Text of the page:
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- Bound to Rise - 30/40 -


pass into the box on the table. I may not be able to do it, as the young gentleman is on his guard. However, I will try. Presto, change!"

"It didn't go," said Tom. "I've got it here."

"Have you? Suppose you open your hand."

Tom opened his hand.

"Well, what have you got? Is it the gold piece?"

"No sir," said Tom, astonished; "it's a cent."

"Then, sir, all I can say is, you have treated me badly. In order to prevent my getting the gold piece into the box, you changed it into a cent."

"No, I didn't," said Tom.

"Then perhaps I have succeeded, after all. The fact is, I took out the gold piece and put a penny in its place, so that you might not know the difference. Now here is the key of that box. Will you unlock it?"

Tom unlocked it, only to find another box inside. In fact, it was a perfect nest of boxes. In the very last of all was found the gold coin.

"It's very strange you didn't feel it go out of your hand," said the professor.

"I am afraid you are not quick enough to make a magician. Can you fire a pistol?"

"Yes, sir," said Tom.

"Will any lady lend me a ring?" asked the professor.

One was soon found

"I will load the pistol," said the professor, "and put the ring in with the rest of the charge. It appears to be rather too large. I shall have to hammer it down."

He brought down a hammer heavily upon the ring and soon bent it sufficiently to get it into the pistol.

"Now, sir," he said, "take the pistol, and stand off there. All right, sir. When I give the word, I want you to fire. One, two, three!"

Tom fired, his grandmother uttering a half suppressed shriek at the report. When the smoke cleared away, the professor was holding the ring between his thumb and finger, quite uninjured.

Professor Henderson's attention had been drawn to his companion of the morning. He observed that she had taken off her bonnet. He went up to her, and said, politely, "Madam, will you kindly lend me your bonnet?"

"Massy sakes, what do you want of it?"

"I won't injure it, I assure you."

"You may take it, ef you want to," said the old lady; "but be keerful and don't bend it."

"I will be very careful; but, madam," he said, in seeming surprise, "what have you got in it?"

"Nothing, sir."

"You are mistaken. See there, and there, and there"; and he rapidly drew out three onions, four turnips, and a couple of potatoes. "Really, you must have thought you were going to market."

"They ain't mine," gasped the old lady.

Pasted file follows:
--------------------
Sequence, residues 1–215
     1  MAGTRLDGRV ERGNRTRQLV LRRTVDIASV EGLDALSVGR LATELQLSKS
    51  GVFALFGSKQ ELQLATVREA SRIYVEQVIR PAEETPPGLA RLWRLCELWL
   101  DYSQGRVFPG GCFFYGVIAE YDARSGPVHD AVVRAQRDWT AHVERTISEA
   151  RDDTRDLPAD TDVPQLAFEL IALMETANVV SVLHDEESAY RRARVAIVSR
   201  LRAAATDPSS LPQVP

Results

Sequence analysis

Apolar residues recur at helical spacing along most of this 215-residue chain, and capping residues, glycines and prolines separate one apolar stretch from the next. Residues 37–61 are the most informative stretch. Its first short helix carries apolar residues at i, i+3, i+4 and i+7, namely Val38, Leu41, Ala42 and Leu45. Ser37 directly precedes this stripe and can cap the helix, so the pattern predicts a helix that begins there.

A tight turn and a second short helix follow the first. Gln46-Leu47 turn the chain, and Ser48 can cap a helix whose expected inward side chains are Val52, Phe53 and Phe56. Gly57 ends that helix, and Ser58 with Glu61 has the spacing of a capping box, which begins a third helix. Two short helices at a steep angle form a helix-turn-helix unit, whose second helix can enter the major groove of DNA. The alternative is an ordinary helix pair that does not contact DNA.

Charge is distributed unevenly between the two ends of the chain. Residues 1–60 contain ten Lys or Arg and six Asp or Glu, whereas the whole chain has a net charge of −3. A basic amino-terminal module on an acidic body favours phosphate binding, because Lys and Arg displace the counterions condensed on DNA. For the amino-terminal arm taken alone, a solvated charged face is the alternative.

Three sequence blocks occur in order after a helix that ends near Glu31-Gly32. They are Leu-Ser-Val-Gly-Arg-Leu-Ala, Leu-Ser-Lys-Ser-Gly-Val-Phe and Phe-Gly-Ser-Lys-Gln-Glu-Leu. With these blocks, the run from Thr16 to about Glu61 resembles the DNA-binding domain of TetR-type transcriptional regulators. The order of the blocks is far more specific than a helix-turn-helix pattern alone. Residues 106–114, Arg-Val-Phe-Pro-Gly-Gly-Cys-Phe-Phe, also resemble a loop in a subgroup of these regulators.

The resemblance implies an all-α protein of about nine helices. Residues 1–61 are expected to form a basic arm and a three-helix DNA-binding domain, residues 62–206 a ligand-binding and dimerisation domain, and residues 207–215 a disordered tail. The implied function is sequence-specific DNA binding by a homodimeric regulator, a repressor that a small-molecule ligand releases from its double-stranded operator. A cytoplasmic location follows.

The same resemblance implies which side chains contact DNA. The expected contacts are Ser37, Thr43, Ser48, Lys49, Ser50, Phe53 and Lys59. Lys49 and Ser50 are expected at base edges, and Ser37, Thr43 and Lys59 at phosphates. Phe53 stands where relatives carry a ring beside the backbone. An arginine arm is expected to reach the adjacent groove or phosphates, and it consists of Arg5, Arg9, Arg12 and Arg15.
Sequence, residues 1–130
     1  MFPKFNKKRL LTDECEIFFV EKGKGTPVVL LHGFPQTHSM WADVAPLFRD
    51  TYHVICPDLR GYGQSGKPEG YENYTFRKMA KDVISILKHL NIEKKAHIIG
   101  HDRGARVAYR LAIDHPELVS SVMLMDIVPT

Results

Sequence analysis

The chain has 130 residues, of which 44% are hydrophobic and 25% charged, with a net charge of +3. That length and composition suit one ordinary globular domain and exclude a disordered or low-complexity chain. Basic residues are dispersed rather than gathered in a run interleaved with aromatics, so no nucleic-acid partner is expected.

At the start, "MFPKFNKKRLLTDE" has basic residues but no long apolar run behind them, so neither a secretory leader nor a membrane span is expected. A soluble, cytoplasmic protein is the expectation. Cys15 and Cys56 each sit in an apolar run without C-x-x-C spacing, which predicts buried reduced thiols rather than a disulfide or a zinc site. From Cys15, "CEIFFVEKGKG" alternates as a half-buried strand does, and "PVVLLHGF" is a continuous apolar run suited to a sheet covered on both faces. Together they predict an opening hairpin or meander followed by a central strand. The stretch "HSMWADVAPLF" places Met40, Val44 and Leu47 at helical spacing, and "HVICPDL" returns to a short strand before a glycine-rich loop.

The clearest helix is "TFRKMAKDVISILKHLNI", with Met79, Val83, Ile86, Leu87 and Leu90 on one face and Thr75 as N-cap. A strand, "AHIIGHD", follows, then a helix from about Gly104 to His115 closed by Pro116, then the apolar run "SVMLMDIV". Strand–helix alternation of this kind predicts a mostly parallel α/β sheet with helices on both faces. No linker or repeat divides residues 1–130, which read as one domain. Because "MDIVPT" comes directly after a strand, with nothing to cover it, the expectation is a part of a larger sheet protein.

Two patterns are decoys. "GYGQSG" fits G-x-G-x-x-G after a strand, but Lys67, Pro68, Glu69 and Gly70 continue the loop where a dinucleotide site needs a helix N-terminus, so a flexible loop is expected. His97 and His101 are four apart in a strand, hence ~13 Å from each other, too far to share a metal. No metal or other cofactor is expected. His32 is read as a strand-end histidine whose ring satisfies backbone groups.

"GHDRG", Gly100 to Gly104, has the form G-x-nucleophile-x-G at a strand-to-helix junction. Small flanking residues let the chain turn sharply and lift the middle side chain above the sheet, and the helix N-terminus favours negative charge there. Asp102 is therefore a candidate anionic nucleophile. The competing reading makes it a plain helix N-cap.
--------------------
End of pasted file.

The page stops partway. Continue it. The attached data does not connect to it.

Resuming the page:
"Then it's very strange how they got into your bonnet. And--let me see--here's an egg, too."

"I never see sich doin's."

"Granny, I guess a hen made her nest in your bonnet," whispered Tom.

The old lady shook her head in helpless amazement.

CHAPTER XXVII

An unexpected payment

A week later Harry reached a brisk manufacturing place which I will call Centreville. He assisted the professor during the afternoon to get ready the hall for his evening performance and, at half past five, took his seat at the supper table in the village hotel.

Just as Harry began to eat, he lifted his eyes, and started in surprise as he recognized, in his opposite neighbor, Luke Harrison, whose abrupt departure without paying his debts the reader will remember. Under the circumstances, it will not be wondered at that our hero's look was not exactly cordial. As for Luke, he was disagreeably startled at Harry's sudden appearance. Not knowing his connection with Professor Henderson, he fancied that our hero was in quest of him and not being skilled in the law, felt a little apprehension as to what course he might take. It was best, he concluded to conciliate him.

"How are you, Walton?" he said.

"I am well," said Harry, coldly.

"How do you happen to be in this neighborhood?"

"On business," said Harry, briefly.

Luke jumped to the conclusion that the business related to him and, conscious of wrong-doing, felt disturbed.

"I'm glad to see you," he said. "It seems pleasant to see an old acquaintance"--he intended to say "friend."

"You left us rather suddenly," said Harry.

"Why, yes," said Luke, hesitating. "I had reasons. I'll tell you about it after supper."

As Harry rose from the table, Luke joined him.

"Come upstairs to my room, Walton," he said, "and have a cigar."

"I'll go upstairs with you; but I don't smoke."

"You'd better learn. It's a great comfort."

"Do you board here?"

"Yes. I found I shouldn't have to pay any more than at a boarding house and the grub's better. Here's my room. Walk in."

He led the way into a small apartment on the top floor.

"This is my den," he said. "There isn't but one chair; but I'll sit on the bed. When did you reach town?"

"About noon"

"Are you going to stop long?" asked Luke.

"I shall stay here till I get through with my errand," answered Harry, shrewdly; for he saw what Luke thought, and it occurred to him that he might turn it to advantage.

Luke looked a little uneasy.

"By the way, Walton," he said, "I believe I owe you a little money."

"Yes. I believe so."

"I'm sorry I can't pay you the whole of it. It costs considerable to live, you know; but I'll pay part."

"Here are five dollars," he said. "I'll pay you the rest as soon as I can--in a week or two."

Harry took the bank note with secret self-congratulation, for he had given up the debt as bad, and never expected to realize a cent of it.

"I am glad to get it," he said. "I have a use for all my money. Are you working in this town?"

"Yes. The shoe business is carried on here considerably. Are you still working for Mr. Leavitt?"

"No; I've left him."

"What are you doing, then?"

"I'm traveling with Professor Henderson."

"What, the magician?"

"Yes."

"And is that what brought you to Centreville?"

"Yes."

Luke whistled.

"I thought--" he began.


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